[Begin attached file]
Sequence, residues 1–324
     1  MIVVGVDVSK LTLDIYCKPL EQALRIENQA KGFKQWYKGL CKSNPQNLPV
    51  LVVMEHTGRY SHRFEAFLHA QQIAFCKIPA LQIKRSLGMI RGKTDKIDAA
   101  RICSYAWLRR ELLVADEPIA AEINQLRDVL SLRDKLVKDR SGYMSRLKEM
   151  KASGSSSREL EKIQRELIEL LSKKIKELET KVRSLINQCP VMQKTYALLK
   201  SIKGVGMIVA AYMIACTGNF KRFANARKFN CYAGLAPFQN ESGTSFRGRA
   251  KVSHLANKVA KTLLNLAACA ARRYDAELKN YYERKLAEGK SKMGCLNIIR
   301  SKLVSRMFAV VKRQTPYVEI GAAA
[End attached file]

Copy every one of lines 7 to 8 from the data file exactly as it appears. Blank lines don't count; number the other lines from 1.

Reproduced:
   251  KVSHLANKVA KTLLNLAACA ARRYDAELKN YYERKLAEGK SKMGCLNIIR
   301  SKLVSRMFAV VKRQTPYVEI GAAA